VLAB Featured Speaker James Gosling Presents Liquid Robotics’ Wave Glider
Wave Glider image courtesy of Liquid Robotics
71 percent of our Earth’s surface is water.Wave Glider Technology and the data it provides can offer us a glimpse into the vast untamed aquatic landscape. Come learn about the autonomous drones capable of withstanding tidal turbulence, inclement weather, unforeseen interactions with various living and non-living obstacles all while offering defensive maneuverability, robust signal architecture, and software capable of making it all happen.
Presented by Chief Software Architect James Gosling — best known as the original developer of Java at Sun Microsystems — VLAB is offered a unique glimpse into the system requirements to keep communications afloat by an engineer who comes with a background sewn into computing history.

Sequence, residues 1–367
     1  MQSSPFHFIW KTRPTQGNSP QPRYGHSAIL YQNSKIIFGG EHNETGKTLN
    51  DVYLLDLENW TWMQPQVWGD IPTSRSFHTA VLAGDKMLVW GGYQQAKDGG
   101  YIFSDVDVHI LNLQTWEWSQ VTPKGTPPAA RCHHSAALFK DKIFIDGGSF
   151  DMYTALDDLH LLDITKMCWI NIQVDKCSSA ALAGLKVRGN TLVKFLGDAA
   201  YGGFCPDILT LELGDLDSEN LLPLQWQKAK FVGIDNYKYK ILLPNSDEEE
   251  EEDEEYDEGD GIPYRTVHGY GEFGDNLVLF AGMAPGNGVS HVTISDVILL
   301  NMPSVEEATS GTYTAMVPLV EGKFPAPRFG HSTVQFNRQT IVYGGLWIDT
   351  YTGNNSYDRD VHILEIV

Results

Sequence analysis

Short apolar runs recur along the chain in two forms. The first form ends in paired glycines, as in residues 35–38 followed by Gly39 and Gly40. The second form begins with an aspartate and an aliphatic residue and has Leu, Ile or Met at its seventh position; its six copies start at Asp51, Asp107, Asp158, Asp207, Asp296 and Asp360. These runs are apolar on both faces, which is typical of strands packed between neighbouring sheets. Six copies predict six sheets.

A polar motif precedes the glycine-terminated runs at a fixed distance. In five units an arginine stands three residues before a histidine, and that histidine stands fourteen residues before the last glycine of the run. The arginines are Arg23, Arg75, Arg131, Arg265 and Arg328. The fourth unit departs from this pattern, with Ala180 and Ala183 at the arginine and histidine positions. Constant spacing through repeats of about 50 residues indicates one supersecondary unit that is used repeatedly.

Liquid Robotics applies a modular design to its array of accessories that, when mounted to the core robotic system can physically manifest optimal wireless sensor network routing dynamically, while in constant motion — at sea. The software offers decision making for self-healing communications: should one system fail, the machines are capable of processing next-best tactical positioning for maintaining robust communication networks.
The applications for the Wave Glider are extensive: defense security, detecting mines, logging and transmitting accurate seismic activity as it occurs, responding to behavioral pattern changes in ocean species, and guiding maintenance equipment as it performs mechanical upgrades to oil field equipment (to name only a few possibilities.) The Wave Glider has been aptly deemed a game changer.
VLAB‘s Drone Swarms: The Buzz of the Future event will feature industry experts talking about using drone swarms on land , in the air, and by sea. Join us at CEMEX Auditorium on October 15, 2015 for a one-of-a-kind event.
“How Much Water Is There On, In, and above the Earth?” How Much Water Is There on Earth, from the USGS Water Science School. Www.google.com, n.d. Web. 13 Oct. 2015. <http://water.usgs.gov/edu/earthhowmuch.html>.